Dear Sophie: Which immigration options are best for a decentralized team in the US?

Here’s another edition of “Dear Sophie,” the advice column that answers immigration-related questions about working at technology companies.

“Your questions are vital to the spread of knowledge that allows people all over the world to rise above borders and pursue their dreams,” says Sophie Alcorn, a Silicon Valley immigration attorney. “Whether you’re in people ops, a founder or seeking a job in Silicon Valley, I would love to answer your questions in my next column.”

TechCrunch+ members receive access to weekly “Dear Sophie” columns; use promo code ALCORN to purchase a one- or two-year subscription for 50% off.

Dear Sophie,

We just raised a $20 million Series A, and we need to hire more engineers to fully develop our product.

In addition, we’d like to bring our overseas PEO contractors to the States to join us more locally and in-timezone.

We’re excited about being decentralized — which immigration options are best for us?

— Elated Entrepreneur

Dear Elated,

Congrats on your latest funding milestone! Your funding comes at an opportune time: The recent spate of layoffs and hiring freezes at many tech companies presents a great opportunity for you to scoop up top global engineering talent. Plus, I’m not surprised you raised even in this “environment” — we’re seeing a lot of that going on despite much of the news!

A few suggestions

Before I dive into your question, let me make a few suggestions: Consult both a corporate attorney and an immigration attorney.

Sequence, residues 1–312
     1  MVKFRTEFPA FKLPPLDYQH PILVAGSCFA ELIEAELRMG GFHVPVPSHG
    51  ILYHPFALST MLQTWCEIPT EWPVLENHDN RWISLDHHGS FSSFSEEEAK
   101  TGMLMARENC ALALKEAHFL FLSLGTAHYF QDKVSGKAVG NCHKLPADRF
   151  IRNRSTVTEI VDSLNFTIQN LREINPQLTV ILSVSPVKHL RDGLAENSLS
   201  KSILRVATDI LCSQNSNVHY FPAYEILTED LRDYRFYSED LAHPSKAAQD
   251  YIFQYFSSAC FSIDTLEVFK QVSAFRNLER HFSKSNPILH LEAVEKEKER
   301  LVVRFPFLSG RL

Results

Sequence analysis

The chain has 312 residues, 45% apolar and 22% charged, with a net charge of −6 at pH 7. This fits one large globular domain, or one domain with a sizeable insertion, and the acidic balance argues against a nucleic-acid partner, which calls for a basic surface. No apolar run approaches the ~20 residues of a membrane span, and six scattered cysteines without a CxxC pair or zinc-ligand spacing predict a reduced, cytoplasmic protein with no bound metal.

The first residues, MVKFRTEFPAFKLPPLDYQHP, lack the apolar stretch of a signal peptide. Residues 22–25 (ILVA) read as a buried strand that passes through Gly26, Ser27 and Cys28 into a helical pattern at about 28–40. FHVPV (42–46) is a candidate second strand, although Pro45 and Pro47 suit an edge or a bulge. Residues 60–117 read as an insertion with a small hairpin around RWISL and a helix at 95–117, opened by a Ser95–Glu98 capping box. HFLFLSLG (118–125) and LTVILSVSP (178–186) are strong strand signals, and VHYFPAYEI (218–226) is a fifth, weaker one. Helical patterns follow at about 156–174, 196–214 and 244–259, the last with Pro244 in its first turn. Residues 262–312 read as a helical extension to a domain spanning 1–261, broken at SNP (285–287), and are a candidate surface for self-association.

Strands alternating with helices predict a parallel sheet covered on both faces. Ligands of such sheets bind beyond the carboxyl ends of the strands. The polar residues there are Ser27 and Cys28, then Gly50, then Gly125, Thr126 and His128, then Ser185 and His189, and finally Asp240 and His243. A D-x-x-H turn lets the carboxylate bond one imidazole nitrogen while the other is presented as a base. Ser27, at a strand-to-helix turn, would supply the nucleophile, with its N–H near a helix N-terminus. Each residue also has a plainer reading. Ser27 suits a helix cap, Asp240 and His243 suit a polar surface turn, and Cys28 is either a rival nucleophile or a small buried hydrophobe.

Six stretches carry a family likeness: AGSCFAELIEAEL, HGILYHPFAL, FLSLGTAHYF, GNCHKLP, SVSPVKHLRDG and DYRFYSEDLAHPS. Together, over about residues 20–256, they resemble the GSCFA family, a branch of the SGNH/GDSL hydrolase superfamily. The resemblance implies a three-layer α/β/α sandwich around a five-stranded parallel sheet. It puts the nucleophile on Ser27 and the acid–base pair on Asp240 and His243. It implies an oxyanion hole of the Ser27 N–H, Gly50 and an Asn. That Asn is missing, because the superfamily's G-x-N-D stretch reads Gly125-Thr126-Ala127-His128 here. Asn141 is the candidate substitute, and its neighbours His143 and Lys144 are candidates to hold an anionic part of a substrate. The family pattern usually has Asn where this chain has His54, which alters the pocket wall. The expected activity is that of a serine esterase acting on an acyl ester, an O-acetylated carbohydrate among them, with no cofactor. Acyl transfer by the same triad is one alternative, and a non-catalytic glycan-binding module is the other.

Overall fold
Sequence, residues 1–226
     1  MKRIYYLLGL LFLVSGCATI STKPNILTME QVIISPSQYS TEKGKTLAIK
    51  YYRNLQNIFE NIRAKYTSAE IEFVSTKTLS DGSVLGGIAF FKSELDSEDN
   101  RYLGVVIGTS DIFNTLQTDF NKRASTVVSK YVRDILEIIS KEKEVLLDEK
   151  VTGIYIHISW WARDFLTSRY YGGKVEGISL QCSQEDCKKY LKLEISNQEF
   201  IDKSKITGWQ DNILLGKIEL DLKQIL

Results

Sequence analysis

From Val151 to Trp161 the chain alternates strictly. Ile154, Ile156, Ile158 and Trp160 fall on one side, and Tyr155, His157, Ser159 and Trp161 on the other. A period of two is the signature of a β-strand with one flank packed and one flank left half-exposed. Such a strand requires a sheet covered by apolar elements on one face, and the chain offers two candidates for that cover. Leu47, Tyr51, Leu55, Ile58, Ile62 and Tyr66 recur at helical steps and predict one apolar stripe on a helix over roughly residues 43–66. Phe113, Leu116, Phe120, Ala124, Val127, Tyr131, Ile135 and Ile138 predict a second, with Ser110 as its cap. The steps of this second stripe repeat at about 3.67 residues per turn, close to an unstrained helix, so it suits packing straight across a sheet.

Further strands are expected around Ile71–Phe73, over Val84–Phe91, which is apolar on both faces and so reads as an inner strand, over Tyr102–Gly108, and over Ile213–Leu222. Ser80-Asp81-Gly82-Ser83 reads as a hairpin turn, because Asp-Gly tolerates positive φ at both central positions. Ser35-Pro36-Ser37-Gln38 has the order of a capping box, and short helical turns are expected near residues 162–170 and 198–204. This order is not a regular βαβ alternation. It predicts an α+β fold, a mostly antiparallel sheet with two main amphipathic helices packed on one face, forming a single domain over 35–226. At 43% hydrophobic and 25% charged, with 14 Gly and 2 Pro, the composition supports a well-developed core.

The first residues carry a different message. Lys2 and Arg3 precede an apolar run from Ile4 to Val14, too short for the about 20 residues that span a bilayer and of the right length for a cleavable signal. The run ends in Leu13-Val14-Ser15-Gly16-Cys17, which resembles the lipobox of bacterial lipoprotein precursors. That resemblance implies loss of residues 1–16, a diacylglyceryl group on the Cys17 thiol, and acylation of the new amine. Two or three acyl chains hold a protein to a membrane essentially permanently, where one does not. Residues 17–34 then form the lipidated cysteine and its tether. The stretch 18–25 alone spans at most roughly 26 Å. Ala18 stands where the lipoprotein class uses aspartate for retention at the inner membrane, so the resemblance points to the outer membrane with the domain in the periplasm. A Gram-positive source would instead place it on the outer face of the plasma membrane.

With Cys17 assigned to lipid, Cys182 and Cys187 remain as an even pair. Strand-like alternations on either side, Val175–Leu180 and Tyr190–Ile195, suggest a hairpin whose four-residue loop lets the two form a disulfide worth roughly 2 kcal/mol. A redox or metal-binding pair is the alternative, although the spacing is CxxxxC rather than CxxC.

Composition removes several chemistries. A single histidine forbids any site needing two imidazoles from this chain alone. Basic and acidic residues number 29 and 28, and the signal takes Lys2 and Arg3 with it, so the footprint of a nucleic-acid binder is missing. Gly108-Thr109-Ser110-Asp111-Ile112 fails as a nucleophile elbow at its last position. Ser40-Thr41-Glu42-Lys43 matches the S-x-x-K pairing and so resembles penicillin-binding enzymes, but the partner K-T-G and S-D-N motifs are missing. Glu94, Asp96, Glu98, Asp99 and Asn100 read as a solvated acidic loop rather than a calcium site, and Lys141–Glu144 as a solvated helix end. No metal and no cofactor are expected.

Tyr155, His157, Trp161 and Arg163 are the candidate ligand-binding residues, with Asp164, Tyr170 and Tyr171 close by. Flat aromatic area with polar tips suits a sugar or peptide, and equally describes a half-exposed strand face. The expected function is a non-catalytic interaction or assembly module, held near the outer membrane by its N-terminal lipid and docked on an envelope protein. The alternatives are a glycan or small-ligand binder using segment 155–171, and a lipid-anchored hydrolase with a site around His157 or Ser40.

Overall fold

A corporate attorney can help you set up a distributed work policy if your company doesn’t already have one. Corporate, employment and privacy laws differ in each state, so given that you are looking to expand your distributed workforce, you should know what your company can — and can’t — do in each state. You should also discuss whether to transfer the individuals you want to bring to the U.S. from your PEO (professional employer organization) to your company, particularly if you are only using the PEO for the individuals abroad. The specific immigration options you’re considering can be a factor in this as well.

A composite image of immigration law attorney Sophie Alcorn in front of a background with a TechCrunch logo.

Image Credits: Joanna Buniak / Sophie Alcorn (opens in a new window)

When you consult your immigration attorney, you’ll want to discuss visa sponsorship for any individuals you want to bring to the U.S. who are currently on your global PEO’s payroll, as well as options for folks you haven’t started working with yet, whether they are already in the States or abroad. If your PEO has only a minimal employment relationship with those individuals and cannot hire and fire them, the PEO would probably not qualify as an employer for many types of visa sponsorship processes in the U.S., but there are ways to work with this.

You should also discuss whether to set up an immigration policy that spells out:

  • When your company will sponsor an individual for a green card.
  • Immigration strategies based on your company’s hiring goals and timing.
  • Options for specific individuals based on their situation and qualifications.

Different startups choose to go different ways with whether to have these policies at all and if so, what they should include. I always recommend being strategic and deliberate about offering immigration as a benefit to recruit and retain international talent whether they are in the United States or abroad. Offering green card sponsorship after a year or two is a tremendous benefit! This also helps shape your company culture, demonstrating that you value diversity, inclusion and the well-being of your team.

This article was originally published on Read More on their website.

Leave a Comment